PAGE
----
The fourth season was the time that almost wasn’t for The Twilight Zone. Then it became the season that’s rarely syndicated. Trouble began for Rod Serling when the series lost Liggett & Myers as its main sponsor in 1962. This was at a time when the sponsor was more important than the ratings since they provided a bulk of the production costs. CBS had completed its fall schedule by the time The Twilight Zone had found a different cigarette company as a sponsor. The network wanted the series to be a spring replacement series for an hour long slot. This proved to be a major challenge for Serling and his crew since the tone and pacing of the show had to be adjusted. They couldn’t do their usual shock reveal payoff that worked so well in thirty minutes. The hour-long format eventually proved tricky when it came to syndication. There were 138 episodes that lasted 30 minutes so the 18 hour long episodes weren’t necessary to create an attractive package to TV stations. Instead of editing them down or turning them into two-parters, the season 4 episodes were often kept in the vault. A few daring TV stations would run them as “The Lost Twilight Zone Episodes.” But many fans of watching Twilight Zone on their local UHF and PBS stations had no clue that these episode exist. Odds are high that The Twilight Zone: The Complete Fourth Season might just be all new to you.
“In His Own Image” has George Gizzard (Law & Order) as a normal enough guy who flips out in a subway station. He wants to get back to his hometown, but things don’t add up when he arrives. His memory is off. What’s really wrong with him? It goes beyond his skin. “The Thirty-Fathom Grave” has a ship discover a submarine that was sunk 21 years before during World War II. Turns out the ship’s chief served on the submarine. Is he being haunted? Bill Bixby (The Incredible Hulk) and Simon Oakland (Kolchak: The Night Stalker) are on the waves. “Valley of the Shadow” is the ultimate tourist trap. A reporter discovers a town with an astounding secret. The townspeople give him a choice of living forever with them or being executed. James Doohan (Scotty on Star Trek) is part of the decision. “He’s Alive” lets Dennis Hopper (Blue Velvet) become inspired by the ghost of Hitler. Something spooky about seeing Hopper become a fascist leader. “Mute” is a communications exploration. Ann Jillian (It’s a Living) is an orphan whose parents never taught her to talk. But it turns out there’s a reason for this.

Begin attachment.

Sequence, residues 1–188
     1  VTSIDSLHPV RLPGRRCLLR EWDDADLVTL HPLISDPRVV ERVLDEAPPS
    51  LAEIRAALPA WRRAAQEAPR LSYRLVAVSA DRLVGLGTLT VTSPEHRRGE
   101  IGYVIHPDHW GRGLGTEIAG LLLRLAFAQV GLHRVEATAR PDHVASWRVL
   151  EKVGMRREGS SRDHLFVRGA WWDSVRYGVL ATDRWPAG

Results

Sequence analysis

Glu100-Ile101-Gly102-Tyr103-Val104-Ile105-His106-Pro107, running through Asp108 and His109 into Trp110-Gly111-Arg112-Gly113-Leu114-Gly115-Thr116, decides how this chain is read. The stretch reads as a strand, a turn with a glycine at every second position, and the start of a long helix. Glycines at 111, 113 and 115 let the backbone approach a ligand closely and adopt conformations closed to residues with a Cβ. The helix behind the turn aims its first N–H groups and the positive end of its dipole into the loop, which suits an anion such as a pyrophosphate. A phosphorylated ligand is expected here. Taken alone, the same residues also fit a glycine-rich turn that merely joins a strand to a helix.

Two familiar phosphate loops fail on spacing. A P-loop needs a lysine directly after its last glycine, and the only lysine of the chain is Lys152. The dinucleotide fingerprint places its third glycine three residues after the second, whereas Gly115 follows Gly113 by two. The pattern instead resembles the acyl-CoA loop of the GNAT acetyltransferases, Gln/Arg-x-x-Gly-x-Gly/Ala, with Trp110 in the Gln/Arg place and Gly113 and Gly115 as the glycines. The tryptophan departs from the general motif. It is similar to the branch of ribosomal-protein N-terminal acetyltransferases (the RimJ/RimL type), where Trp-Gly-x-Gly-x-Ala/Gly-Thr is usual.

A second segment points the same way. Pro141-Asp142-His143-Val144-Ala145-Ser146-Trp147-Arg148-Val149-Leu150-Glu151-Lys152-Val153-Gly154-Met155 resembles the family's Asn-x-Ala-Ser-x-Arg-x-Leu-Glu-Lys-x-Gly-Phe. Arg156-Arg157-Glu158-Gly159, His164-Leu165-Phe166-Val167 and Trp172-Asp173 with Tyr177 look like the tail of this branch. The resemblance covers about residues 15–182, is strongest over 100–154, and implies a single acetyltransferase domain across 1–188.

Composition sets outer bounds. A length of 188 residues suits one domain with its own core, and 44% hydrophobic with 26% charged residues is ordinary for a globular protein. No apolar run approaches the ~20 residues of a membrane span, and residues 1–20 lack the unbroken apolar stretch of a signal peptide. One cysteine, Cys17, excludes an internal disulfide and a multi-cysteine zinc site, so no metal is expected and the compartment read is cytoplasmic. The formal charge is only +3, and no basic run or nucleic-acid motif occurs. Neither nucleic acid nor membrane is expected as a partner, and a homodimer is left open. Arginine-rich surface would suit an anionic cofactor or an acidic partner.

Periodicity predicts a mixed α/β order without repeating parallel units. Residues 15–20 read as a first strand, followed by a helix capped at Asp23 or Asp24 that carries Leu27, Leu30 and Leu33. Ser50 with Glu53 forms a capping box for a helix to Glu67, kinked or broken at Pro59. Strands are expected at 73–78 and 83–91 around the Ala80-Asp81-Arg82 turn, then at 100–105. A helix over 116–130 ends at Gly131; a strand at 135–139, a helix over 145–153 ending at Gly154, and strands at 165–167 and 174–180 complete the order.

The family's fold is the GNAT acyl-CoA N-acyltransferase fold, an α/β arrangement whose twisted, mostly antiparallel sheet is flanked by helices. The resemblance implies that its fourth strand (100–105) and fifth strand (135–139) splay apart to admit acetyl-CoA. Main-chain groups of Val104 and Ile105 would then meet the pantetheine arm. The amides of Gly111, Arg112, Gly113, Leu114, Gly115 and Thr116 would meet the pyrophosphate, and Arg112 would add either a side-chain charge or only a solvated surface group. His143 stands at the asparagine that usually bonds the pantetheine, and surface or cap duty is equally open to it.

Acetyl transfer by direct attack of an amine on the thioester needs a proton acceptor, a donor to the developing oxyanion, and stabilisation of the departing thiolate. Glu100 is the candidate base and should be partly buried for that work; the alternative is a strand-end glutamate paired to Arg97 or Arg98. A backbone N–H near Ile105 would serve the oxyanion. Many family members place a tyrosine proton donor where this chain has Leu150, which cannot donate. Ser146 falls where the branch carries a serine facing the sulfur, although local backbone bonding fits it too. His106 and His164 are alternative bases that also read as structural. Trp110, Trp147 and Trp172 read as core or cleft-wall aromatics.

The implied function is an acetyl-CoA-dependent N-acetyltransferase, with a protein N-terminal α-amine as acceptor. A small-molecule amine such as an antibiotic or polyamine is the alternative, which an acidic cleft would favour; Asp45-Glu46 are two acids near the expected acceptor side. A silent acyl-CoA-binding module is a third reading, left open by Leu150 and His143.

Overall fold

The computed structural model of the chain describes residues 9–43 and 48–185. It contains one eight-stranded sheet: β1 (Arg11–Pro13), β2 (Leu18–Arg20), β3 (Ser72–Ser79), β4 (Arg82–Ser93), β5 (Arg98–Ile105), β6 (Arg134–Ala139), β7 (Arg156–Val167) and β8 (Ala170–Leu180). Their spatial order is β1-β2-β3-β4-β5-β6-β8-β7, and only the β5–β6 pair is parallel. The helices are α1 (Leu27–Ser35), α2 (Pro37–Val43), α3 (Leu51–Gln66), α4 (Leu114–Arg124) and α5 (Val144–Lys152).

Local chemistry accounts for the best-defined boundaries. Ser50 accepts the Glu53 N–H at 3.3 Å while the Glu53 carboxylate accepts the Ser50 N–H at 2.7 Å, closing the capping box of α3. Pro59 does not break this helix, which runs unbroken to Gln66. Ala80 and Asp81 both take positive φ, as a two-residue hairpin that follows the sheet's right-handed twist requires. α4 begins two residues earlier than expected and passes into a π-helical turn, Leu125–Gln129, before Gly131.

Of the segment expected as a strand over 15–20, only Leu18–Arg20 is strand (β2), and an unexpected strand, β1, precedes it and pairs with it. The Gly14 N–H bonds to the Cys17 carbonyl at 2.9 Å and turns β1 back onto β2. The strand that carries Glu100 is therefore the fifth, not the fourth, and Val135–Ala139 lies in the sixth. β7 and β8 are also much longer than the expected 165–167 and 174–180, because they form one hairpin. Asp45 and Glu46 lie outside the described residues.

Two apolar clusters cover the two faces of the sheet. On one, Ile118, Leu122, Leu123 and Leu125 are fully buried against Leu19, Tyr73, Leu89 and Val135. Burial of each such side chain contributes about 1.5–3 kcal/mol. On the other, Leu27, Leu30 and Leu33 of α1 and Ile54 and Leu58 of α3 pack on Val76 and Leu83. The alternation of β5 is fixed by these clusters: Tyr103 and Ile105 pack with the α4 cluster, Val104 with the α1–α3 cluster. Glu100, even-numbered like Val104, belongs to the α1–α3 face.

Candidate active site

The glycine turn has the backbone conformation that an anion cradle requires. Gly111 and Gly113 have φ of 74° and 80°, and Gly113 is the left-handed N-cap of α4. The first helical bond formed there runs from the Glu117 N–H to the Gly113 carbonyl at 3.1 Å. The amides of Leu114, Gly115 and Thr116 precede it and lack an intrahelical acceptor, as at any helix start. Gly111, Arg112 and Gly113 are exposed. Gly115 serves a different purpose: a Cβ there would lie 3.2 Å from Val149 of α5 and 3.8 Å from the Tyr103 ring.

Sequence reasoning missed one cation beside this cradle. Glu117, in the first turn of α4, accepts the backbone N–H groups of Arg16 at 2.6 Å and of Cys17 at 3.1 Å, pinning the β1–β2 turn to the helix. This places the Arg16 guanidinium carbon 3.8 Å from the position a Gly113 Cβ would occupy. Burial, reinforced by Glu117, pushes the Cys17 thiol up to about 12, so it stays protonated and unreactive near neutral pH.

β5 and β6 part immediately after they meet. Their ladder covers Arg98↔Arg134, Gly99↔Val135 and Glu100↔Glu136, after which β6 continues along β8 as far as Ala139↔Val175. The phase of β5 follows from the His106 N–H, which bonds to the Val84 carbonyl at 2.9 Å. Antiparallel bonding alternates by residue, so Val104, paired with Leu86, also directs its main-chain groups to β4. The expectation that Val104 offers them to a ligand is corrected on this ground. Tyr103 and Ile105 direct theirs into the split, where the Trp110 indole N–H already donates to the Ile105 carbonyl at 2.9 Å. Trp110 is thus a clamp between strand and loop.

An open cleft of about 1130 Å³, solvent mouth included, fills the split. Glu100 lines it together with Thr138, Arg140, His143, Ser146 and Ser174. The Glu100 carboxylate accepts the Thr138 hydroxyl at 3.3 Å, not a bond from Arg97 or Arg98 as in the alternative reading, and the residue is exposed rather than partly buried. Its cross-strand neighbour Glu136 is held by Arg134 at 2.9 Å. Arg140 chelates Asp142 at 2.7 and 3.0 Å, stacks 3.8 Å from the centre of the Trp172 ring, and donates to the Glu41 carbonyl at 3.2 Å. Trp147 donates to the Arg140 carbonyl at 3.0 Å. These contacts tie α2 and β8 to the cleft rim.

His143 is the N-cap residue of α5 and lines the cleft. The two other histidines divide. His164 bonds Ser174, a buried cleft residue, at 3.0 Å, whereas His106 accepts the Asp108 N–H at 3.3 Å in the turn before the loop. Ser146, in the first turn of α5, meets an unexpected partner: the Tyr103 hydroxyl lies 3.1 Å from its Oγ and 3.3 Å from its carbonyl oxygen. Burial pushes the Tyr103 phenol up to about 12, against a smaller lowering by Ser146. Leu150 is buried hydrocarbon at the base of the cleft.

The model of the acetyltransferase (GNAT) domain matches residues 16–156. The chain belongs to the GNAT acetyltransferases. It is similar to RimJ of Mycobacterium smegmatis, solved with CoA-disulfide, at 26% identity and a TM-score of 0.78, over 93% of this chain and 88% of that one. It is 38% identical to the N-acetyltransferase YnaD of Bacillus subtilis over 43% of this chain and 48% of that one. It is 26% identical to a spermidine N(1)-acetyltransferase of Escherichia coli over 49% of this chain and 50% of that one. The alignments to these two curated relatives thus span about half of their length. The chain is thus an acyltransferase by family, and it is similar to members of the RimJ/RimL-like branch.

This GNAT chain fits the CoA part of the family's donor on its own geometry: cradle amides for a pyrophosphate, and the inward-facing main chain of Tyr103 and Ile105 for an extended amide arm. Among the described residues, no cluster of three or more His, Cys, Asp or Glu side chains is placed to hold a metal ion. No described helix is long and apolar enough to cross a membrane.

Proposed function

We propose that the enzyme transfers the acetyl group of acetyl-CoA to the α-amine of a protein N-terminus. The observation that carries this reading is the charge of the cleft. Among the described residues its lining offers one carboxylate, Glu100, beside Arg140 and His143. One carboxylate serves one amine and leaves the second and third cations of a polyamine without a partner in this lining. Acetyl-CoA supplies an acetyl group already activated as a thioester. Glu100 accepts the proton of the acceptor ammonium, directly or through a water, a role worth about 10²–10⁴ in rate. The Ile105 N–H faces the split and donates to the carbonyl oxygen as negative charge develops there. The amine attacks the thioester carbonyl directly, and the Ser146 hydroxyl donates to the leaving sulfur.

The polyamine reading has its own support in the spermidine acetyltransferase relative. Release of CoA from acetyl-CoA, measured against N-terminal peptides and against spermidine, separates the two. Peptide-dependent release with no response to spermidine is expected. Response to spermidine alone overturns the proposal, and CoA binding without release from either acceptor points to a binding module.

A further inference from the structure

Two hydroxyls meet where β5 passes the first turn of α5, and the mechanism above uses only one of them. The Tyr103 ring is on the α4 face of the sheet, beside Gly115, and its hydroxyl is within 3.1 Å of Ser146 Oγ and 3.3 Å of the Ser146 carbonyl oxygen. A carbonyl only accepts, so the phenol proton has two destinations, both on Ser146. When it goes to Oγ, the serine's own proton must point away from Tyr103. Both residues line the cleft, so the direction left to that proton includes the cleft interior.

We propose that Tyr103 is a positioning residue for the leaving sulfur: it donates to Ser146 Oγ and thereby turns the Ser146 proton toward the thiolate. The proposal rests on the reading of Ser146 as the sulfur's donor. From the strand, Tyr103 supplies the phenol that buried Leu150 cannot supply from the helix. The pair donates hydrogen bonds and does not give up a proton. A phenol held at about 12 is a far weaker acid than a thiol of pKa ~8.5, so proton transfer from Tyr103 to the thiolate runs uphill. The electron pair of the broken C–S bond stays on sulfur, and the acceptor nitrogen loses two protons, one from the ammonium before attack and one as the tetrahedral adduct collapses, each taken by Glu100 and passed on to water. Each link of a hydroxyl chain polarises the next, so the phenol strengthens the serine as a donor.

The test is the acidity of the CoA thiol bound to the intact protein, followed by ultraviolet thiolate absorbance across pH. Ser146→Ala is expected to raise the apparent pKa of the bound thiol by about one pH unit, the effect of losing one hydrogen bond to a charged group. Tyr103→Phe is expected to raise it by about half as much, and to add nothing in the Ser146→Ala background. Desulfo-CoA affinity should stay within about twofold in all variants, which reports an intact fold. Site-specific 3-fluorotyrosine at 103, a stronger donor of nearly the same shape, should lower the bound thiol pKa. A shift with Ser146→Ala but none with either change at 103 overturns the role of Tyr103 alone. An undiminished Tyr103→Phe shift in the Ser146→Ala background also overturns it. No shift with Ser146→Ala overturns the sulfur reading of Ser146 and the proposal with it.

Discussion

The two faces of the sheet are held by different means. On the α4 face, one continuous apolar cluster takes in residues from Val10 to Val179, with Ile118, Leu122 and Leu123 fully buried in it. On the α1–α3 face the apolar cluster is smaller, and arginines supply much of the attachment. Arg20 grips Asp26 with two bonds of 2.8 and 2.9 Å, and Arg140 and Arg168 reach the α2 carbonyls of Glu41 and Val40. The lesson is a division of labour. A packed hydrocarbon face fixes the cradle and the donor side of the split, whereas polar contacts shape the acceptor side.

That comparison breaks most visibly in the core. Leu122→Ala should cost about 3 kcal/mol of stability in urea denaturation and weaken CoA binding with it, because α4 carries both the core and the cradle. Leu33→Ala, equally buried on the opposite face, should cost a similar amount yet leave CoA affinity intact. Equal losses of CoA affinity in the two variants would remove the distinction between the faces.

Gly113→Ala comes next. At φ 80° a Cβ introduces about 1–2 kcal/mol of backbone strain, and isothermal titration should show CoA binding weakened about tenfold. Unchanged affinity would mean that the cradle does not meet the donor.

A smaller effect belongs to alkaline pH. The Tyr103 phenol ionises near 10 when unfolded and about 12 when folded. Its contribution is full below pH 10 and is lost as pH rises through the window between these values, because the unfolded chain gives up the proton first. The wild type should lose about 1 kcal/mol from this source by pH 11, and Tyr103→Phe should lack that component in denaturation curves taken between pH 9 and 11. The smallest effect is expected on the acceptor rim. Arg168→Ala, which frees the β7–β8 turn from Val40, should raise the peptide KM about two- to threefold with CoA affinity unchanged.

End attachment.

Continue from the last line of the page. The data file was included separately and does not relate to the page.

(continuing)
“Death Ship” takes Jack Klugman (Quincy) and Ross Martin (The Wild Wild West into outer space. They are on a mission to find a new habitable planet. They think they find such a place, but there’s something wrong with the location since it somehow is linked to their past. “Jess-Belle” makes Anne Francis (Honey West) go out of her way to stop an ex-lover from marry. She enlists a witch to put a hex on them. However she doesn’t realize the full price of such a service. “Miniature” puts Robert Duvall (The Godfather) into a doll museum. He thinks something odd is happening. “Printer’s Devil” contains a rather current subject as Burgess Meredith runs a failing newspaper. He makes a deal with a guy to run the operation and make it profitable. But is that really a good deal? “No Time Like the Past” deals with the trouble in building a time machine so you can go back and kill Hitler. “The Parallel” has an astronaut orbiting the Earth finds himself back home. He has no memory of the landing. What happened during splashdown? “I Dream of Genie” has down on his luck Howard Morris (Ernest T. Bass on The Andy Griffith Show) gets a few wishes when he rubs the right antique. Jack Albertson (Chico and the Man) is the dapper Genie. “The New Exhibit” is a wax museum tale. The building is going to be torn down for a shopping mall so Martin Balsam takes a few figures home. Who doesn’t want Jack the Ripper in their living room? “Of Late I Think of Cliffordville” is a tale of a rich man who yearns for a simple life. Julie Newmar (Batman‘s Catwoman) gives him a chance to live his life over again, except there’s a nasty catch. “The Incredible World of Horace Ford” has a toy designer (Batman‘s Pat Hingle) discover that none of his childhood friends have aged. “On Thursday We Leave for Home” has a stranded space mission saved. But are they ready to rejoin humanity? Tim O’Connor (Buck Rogers) is part of the rescue.
The fourth season does take a little bit of adjusting for viewers so used to the pacing of the 30 minute episodes. The stories have a bit more of a dramatic flavor since they can’t expose the twist so early. In a sense this season helped set up The Outer Limits that attempted to fill an hour slot the following TV series. The Twilight Zone would return to its more familiar 30 minute format for its fifth and final season. There is a major appeal to the fourth season that it hasn’t been overplayed for most casual fans of the series. This is a boxset well worth using for private marathon seasons.
The video is 1.33:1 full frame. The transfers appear to be from the recent HD remastered episodes that came out on Blu-ray. The black and white images look crisp. The audio is Dolby Digital mono. The mix is fine with music not stepping on the dialogue.
There are no bonus features.
The Twilight Zone: The Complete Fourth Season contains the odd time when the series went to the hour long format. Rod Serling and his writers were able to adapt to the double long scripts. There’s plenty of intrigue and shock in their stories. This is a a barebones collection for those who just want the episodes without the bonus features.
RLJ Entertainment presents The Twilight Zone: The Complete Fourth Season. Hosted by Rod Serling. Starring: Jack Klugman, Anne Francis, Ross Martin, Dennis Hopper, Burgess Meredith and Robert Duvall. Boxset Contents: 18 episodes on 5 DVDs. Released: August 5, 2013.